Jul 15, 2016, 3:08 PM EDT
As part of the Monogram Club’s ongoing 100th anniversary celebration, some of the Club’s many connections to each Notre Dame program will be highlighted. This latest installment of the “Monogram Club Turns 100” series showcases Monogram Club ties and memories from several generations of the Fighting Irish cheerleading team.
Cheerleading Monogram winners who have served on the Monogram Club Board of Directors:
Anne Cisle (’74)
Mary Beth Sobolewski (’80)
Phyllis Stone (’80)
Margo Ball (’90)
Jessica Roman (’92)
Mike Brown (’01)
The first cheerleading Monogram winner was Bob Sanford (’40). Bob went on to serve as his class secretary for over 75 years!
“I always remember the thrill of running through the tunnel and leading the football team out on to the field. The old field house was an automatic echo chamber for basketball games. It was great!” – Bob Sanford ’40
“This photo was shot on November 28, 1959 at the ND – Southern Cal game. Of course, the Irish won the day thumping the Trojans 30 – 0. The dog in the picture is Mike. For years the Irish mascot was Mike the Irish terrier. We would take Mike on a lap around the field whenever the Irish scored. During my senior year, we added the little fellow in the green suit to the lineup, and I guess he has become the mascot. That crazy picture found its way into newspapers all over creation. Most captioned the thing with “His masters voice.”, which was the old corporate logo for the RCA corporation where the pooch was looking up into the speaker on an old Victrola.” – Joe Zellar ’62
“The spring of ’69 … Notre Dame decided to add the feminine touch to its cheerleaders. Approximately 40 brave souls began the process. Four of us were selected to embark upon an amazing journey into the male bastion of Notre Dame football. Molly, Missy, Annie and Terri – no coach, no choreographer, and a priest as our “boss” – we blazed our own trail and we had a great adventure.
The feeling in the pit of my stomach as we marched through that famous tunnel… is still with me today. Not knowing if we would be “booed” into humiliation or received with applause, we walked forward in our knee socks and saddle shoes to face the Notre Dame community with the best gifts we had to offer – our spirit, our enthusiasm and a true desire to make everyone proud of the first four women to grace the ND stadium.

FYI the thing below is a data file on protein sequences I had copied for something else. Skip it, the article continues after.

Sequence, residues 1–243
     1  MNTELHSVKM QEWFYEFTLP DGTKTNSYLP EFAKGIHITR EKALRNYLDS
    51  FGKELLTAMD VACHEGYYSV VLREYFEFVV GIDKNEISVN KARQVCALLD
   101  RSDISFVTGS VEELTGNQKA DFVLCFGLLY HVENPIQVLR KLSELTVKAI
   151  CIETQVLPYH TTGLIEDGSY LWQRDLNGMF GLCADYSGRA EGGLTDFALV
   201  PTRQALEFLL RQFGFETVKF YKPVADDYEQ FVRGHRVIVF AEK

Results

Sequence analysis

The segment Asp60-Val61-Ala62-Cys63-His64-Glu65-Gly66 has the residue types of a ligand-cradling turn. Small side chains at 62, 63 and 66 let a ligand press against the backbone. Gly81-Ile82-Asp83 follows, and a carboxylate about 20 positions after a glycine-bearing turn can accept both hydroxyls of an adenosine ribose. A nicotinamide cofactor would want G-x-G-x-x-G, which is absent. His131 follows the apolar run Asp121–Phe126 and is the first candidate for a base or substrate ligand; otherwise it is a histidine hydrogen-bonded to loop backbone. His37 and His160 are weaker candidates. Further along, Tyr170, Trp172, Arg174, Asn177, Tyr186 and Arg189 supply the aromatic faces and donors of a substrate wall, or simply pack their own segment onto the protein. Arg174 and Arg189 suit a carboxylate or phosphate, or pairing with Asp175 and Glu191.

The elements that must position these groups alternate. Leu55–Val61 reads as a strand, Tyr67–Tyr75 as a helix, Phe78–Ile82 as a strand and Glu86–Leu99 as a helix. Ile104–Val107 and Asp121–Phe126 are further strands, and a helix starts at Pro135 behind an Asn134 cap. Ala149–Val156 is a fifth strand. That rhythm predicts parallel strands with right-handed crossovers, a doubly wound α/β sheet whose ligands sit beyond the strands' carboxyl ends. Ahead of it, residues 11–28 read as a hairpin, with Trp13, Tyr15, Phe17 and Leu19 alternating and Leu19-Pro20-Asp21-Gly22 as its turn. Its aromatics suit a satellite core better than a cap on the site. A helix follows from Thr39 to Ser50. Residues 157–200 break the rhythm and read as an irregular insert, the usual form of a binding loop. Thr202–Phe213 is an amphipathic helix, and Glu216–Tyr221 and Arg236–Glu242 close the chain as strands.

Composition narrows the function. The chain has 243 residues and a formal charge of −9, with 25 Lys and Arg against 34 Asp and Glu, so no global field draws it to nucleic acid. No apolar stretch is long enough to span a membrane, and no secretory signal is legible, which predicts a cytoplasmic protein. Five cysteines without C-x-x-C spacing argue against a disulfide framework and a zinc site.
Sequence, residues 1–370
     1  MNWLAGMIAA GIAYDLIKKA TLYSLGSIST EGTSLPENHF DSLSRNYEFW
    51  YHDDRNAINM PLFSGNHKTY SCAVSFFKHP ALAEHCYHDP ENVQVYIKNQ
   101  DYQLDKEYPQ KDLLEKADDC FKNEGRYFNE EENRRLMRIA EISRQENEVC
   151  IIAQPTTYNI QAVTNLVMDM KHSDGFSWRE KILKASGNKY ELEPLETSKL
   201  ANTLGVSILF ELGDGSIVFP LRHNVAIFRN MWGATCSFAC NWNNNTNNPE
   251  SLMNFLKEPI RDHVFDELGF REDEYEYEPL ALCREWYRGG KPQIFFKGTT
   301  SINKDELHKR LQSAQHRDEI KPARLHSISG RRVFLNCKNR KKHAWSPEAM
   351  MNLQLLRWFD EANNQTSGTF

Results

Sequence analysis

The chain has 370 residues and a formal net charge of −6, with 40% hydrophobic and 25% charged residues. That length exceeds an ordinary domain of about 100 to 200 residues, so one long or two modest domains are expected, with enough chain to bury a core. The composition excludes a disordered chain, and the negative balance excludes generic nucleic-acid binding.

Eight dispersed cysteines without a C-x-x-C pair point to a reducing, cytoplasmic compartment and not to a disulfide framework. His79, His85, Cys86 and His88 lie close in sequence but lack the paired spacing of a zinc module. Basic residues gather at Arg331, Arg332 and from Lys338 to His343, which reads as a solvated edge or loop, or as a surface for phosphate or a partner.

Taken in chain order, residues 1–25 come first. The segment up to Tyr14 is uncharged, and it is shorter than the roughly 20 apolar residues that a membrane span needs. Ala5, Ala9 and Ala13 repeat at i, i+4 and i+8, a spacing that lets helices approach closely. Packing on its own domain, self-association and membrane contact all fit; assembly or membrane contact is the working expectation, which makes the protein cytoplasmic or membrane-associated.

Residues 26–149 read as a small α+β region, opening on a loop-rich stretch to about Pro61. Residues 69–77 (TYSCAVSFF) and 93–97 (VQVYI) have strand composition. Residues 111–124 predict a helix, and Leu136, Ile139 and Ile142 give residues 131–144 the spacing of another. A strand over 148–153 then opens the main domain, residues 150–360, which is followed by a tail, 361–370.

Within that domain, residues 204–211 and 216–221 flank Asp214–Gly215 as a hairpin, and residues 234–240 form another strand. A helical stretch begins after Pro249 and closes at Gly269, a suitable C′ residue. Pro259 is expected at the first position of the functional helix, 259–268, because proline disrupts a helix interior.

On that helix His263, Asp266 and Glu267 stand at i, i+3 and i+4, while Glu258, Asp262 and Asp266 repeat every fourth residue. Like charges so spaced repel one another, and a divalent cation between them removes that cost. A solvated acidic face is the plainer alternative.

Our male counterparts were very protective and even had blue/gold corsages awaiting us. The din of the ND spirit completely engulfed my soul as we stood before the student body and began our first performance. The special moment that consistently brought goose bumps was the playing of the National Anthem and hearing the music float into the center of the stadium… watching the stillness of 60,000 fans and two football teams … knowing that thousands of miles away in a remote jungle our peers were dying in a war … we were a part of history … a moment in time that can never be repeated.
The four of us were ambassadors of enthusiasm to a generation that was challenging every tradition, every authority and every new opportunity for women. When the Fight Song played, we let our hearts soar and we were momentarily whisked into a fantasy land.
So many memories … autographs, grunts and clashing of helmets in front of our faces, pulled hamstrings, friendships, clever routines from our not so clever choreography skills, handling the alumni who did not appreciate or accept our presence, handling the very lonely ND students who saw us as a ray of light, traveling without any budget, interviews with journalists, kind letters from Father Hesburgh, warm smiles from Ara, letters of gratitude from ND students that we never met, performing at the Law School….friendship … friendships and family that continue on to today.
My experiences as one of Notre Dame’s first female cheerleaders gave me an education beyond the classroom … an education of psychology and life that is with me every day. I am grateful to have been given the opportunity to be a part of this moment in time. “…and our hearts forever, love thee Notre Dame!” – Terri Buck ’72
In the early days, the cheerleaders sold megaphones and “rumper stickers” to raise money to pay for travel expenses. The stickers were sold for 50 cents to alumni by the cheerleaders who roamed the parking lots and campus during home and away games. The stickers were designed, copyrighted and sold exclusively by the Notre Dame cheerleaders and they were able to sell thousands of them.
“My favorite memories from cheerleading include the 1973 Southern Cal football game (Eric Penick’s fabulous run) which led to the New Year’s Eve ’73 Sugar Bowl where we beat Alabama for the national championship. Also – the 1974 UCLA basketball game where we broke their 88-game winning streak…
I will never forget sitting on a couch, drenched from the rain, my chin down, hands in my lap, pom-poms by my feet, in the Marriott in New Orleans, New Year’s Eve – emotionally drained after we won the national championship… someone came up and gently took my hands in his and said “Happy New Year, my dear.” When I looked up, speechless, and saw Father Hesburgh. He kissed me on the cheek!” – Shelley Muller Simon ’76
“As the final minute of our last home game was ticking off the clock in Notre Dame Stadium, we started to chant “Rudy, Rudy, RUDY…” Rudy was a classmate, a friend, and from Mary Ann Grabavoy’s (’76, cheerleading) home town, Joliet, Illinois. One of the characters in the movie Rudy is a composite, in part, of Mary Ann. We all knew Rudy’s story long before it was a movie. We watched it unfold in person. He really did sack the quarterback and he really was carried off the field.” – George McLaughlin ’76
As time went on, more and more sports wanted cheerleaders at their events. Two more cheer teams were added to support all of the Fighting Irish programs!
This video was produced by Pete Pranica for the 1991 cheerleading reunion.